One of the biggest battles I’ve fought in my life is worrying. As a young child I worried about many things. Sometimes I worried about having money for unexpected expenses, our car breaking down, and how Momma was going to make ends meet when something unforeseen happened. For years, even into adulthood, I was plagued with anxiety about car trouble. I don’t know this to be certain, but I’m convinced it’s from the many issues we experienced with car trouble as a child. When my two door fuchsia Saturn conked on me because I had a friend connect two ten inch Kicker speakers in a plexi glass box to my alternator so I could be one of the only girls on campus with a booming system in college, I cried. I remember calling Momma and crying profusely as if the problem couldn’t be solved. My car got towed to a mechanic, who put in a new alternator, and let me know not to hook up those speakers to my alternator for a power source or I’d be back at his garage again. Momma talked me through that one like she always did, and with age and experience, my trauma response to car trouble has subsided. It also helps to know that money is no longer a struggle.
I can remember my Momma saying then, and many other times in my life, “You’re worried about the wrong thing.” She was right. It wasn’t that she was minimizing my concern, but rather helping me to realize that worry attached to everything that makes you uncomfortable isn’t productive. In fact, it’s debilitating. Momma’s take was that when we worry about the wrong things and not the right ones, our efforts are focused on symptoms of a problem, but not the root issue. And like Momma says, no matter the problem, if you don’t focus on the root, it’s coming back.
I can’t help but think about how worried American policy makers seem to be about the wrong things in public education. Bills and other potential legislation are focused on censorship this season: banning books, what students are taught, and what teachers can say or do in their classrooms abound. People are giving real energy to this; folks are showing up at board meetings to express their concern over the bad books, CRT, and face masks. COVID isn’t the only pandemic we are facing. Public education is under attack and some folks are too blind to see what is happening right before their very eyes. Momma would say they’re worried about the wrong thing, and I’d have to agree.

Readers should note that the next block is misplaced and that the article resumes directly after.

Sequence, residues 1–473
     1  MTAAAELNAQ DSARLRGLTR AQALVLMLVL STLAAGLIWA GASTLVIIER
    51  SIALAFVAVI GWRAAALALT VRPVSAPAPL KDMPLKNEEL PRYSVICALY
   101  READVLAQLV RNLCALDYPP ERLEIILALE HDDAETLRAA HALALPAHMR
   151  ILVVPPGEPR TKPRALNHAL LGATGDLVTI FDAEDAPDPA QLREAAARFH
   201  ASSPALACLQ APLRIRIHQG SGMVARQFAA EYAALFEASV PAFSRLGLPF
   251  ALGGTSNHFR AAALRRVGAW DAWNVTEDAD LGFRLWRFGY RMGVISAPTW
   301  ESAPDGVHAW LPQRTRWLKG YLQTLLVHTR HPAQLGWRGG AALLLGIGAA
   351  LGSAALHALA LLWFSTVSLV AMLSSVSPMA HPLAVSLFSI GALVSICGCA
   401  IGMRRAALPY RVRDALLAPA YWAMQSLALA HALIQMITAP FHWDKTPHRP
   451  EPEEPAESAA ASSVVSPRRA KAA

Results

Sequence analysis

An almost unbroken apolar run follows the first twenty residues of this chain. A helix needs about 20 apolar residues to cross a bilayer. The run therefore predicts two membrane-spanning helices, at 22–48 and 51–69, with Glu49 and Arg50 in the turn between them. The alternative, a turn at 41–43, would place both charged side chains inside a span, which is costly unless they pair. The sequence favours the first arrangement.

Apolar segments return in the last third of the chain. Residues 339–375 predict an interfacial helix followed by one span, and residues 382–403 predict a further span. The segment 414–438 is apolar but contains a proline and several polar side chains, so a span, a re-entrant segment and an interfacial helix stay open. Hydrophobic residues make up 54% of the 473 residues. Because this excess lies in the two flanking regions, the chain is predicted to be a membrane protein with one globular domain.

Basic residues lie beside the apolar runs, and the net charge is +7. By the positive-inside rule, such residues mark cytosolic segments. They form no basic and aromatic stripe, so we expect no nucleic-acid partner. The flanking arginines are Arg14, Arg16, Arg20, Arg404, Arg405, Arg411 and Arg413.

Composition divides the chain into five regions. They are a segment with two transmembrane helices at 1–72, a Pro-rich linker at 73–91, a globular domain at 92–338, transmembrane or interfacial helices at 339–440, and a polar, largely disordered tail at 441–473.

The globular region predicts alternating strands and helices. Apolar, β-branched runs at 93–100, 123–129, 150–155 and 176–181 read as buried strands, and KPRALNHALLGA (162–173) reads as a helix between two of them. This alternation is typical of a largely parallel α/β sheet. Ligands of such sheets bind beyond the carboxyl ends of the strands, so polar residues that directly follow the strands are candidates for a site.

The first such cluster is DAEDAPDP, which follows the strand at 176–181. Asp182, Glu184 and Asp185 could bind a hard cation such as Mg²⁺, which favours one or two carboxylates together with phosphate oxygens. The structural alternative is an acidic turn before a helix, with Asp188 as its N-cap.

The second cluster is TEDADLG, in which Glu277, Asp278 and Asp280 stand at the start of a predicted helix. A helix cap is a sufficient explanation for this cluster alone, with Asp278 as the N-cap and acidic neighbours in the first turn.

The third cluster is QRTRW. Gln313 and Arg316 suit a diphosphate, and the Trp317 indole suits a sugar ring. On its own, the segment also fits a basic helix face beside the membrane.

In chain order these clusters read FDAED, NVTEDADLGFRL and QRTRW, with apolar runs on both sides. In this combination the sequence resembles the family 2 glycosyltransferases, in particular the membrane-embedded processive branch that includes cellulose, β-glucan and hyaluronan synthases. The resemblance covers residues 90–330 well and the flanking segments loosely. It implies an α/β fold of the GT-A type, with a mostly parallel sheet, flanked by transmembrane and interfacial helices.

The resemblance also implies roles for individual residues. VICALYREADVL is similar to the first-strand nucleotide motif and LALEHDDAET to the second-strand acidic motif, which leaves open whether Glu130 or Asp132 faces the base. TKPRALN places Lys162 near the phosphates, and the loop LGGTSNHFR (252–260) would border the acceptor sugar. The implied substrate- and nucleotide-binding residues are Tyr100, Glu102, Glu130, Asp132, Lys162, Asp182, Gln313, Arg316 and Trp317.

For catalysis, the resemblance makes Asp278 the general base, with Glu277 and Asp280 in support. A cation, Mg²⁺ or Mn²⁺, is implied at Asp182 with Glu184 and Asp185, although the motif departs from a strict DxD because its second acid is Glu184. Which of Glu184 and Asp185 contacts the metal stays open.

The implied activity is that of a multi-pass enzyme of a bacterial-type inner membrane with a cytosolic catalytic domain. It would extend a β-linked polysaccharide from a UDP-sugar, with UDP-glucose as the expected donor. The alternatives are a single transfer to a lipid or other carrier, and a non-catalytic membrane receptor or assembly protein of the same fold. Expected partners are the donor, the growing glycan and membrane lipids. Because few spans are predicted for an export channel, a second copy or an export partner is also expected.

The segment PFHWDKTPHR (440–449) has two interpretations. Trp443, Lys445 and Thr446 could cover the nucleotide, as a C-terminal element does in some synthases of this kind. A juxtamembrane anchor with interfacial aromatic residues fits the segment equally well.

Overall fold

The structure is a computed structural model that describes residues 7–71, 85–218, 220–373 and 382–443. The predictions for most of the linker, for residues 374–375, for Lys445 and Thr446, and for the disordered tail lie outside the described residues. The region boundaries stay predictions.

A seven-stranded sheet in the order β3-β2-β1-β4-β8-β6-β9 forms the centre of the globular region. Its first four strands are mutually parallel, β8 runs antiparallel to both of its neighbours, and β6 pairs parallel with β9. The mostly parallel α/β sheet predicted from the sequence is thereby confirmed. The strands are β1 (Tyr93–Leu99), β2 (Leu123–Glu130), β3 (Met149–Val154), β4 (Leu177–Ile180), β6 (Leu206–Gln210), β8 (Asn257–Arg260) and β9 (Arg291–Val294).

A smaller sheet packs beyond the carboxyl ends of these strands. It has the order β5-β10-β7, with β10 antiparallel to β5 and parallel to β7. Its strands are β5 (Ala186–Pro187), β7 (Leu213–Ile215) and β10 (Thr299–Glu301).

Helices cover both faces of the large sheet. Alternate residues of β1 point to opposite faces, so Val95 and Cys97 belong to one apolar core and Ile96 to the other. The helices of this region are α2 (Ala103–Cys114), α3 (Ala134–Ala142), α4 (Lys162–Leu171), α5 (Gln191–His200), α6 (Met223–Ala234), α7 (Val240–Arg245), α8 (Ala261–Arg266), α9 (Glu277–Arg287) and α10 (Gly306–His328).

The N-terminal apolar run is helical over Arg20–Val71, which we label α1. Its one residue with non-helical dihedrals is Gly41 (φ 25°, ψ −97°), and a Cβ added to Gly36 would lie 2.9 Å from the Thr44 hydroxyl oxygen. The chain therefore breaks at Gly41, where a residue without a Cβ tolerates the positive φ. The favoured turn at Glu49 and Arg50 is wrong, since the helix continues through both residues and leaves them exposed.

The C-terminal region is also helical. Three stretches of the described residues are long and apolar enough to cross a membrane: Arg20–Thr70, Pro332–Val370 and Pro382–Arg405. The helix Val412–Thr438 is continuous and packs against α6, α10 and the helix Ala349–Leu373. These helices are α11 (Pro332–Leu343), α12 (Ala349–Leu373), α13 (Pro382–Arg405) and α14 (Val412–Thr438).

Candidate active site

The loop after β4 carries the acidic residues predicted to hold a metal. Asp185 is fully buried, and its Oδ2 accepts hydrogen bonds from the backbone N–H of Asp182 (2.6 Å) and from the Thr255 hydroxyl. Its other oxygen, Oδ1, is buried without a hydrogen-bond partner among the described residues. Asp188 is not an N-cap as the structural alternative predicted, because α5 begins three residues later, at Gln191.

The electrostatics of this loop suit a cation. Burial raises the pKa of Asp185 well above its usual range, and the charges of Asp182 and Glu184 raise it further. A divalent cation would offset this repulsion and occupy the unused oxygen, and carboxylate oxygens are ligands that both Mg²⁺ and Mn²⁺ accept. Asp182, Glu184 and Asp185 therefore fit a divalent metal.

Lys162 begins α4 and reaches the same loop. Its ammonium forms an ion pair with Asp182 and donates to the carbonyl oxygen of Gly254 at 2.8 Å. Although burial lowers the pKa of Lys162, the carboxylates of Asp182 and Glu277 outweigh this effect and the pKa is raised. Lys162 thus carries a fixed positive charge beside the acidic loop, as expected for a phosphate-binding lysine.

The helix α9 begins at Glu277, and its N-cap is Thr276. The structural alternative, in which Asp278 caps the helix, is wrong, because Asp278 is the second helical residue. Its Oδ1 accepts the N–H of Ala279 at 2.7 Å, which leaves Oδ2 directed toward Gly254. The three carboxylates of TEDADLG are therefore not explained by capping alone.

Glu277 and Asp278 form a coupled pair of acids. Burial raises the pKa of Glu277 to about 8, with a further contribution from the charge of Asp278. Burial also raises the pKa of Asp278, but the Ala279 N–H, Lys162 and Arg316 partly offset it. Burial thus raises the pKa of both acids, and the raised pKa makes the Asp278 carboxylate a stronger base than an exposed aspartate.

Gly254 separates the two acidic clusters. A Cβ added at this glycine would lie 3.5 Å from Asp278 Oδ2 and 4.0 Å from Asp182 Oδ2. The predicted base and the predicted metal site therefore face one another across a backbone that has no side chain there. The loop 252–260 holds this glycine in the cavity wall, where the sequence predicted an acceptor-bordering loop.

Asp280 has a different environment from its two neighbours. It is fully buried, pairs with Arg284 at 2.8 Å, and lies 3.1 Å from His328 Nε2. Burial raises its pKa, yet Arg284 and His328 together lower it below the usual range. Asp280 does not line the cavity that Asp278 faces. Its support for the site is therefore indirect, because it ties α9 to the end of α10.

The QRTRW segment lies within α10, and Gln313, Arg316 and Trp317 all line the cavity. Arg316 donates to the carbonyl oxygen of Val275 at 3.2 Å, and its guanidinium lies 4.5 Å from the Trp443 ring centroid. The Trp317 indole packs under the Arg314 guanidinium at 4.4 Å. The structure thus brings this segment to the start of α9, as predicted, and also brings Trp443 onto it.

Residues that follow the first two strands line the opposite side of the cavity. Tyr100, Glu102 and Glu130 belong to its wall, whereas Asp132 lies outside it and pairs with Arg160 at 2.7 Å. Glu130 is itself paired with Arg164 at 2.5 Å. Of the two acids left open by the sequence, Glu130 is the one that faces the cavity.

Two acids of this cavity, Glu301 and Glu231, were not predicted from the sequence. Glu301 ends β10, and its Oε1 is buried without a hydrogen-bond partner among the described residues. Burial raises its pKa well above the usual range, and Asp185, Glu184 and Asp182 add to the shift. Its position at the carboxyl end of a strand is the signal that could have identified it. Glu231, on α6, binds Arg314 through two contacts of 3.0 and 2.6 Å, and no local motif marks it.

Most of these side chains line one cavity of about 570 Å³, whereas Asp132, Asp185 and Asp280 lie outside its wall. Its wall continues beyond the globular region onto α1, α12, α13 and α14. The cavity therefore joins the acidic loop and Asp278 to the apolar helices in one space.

This nation is facing a teacher shortage like never before in a time where our students need the best and brightest minds in our classrooms to lead them. Imagine if the focus was on elevating the profession, raising teacher salaries, fully funding the base student cost, and making sure we recognize the impact of poverty on student learning and then doing something about it? What if we were using this time as an opportunity to right the wrong this nation has done to the profession that I see as a cornerstone to our democracy-public education? How might we incentivize young people to choose teaching as a profession, and to stay in it because of the noble work it is, and because it is valued by the American public as it deserves to be?
Public education has been made a political pawn in the nation’s messiest argument of my lifetime, and a result, the children suffer, and the profession is under siege. I often remind folks, our children are watching. They are watching how the world treats its’ teachers, how people treat the profession and the leaders of it, and what being a member of the profession looks and feels like for those of us who are still choosing it. No matter what advocacy or recruitment tool we develop, there is none greater than what we put on display for our children everyday. In my mind, we are indeed worried about the wrong things.
Four years ago, I wrote a book that called for a reshaping of the public education narrative, for educators to take their rightful place in the policy reform and advocacy arena, and shared with the world how I fought back from feeling demoralized as an educator. Today, I believe in what I wrote even more than I did before. I remain committed to the profession I love, and intend to dedicate my entire professional life to public education. I do not underestimate its power to change this world and do so for the better, and I am forever grateful for how it changed my life’s trajectory. For all the divisive issues plaguing our profession, and for every person who asks me what I think about it all, I’m going to give them Momma’s classic response, “You’re worried about the wrong thing.”
Y’all be easy,